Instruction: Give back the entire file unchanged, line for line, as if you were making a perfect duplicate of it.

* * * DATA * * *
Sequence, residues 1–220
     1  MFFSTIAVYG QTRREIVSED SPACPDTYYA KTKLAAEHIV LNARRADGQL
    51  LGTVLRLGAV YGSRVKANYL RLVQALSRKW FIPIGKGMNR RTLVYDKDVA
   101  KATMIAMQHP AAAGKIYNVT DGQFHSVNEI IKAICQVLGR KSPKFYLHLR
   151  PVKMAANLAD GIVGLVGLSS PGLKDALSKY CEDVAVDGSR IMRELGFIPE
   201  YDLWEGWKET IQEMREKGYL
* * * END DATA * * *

Sequence, residues 1–220
     1  MFFSTIAVYG QTRREIVSED SPACPDTYYA KTKLAAEHIV LNARRADGQL
    51  LGTVLRLGAV YGSRVKANYL RLVQALSRKW FIPIGKGMNR RTLVYDKDVA
   101  KATMIAMQHP AAAGKIYNVT DGQFHSVNEI IKAICQVLGR KSPKFYLHLR
   151  PVKMAANLAD GIVGLVGLSS PGLKDALSKY CEDVAVDGSR IMRELGFIPE
   201  YDLWEGWKET IQEMREKGYL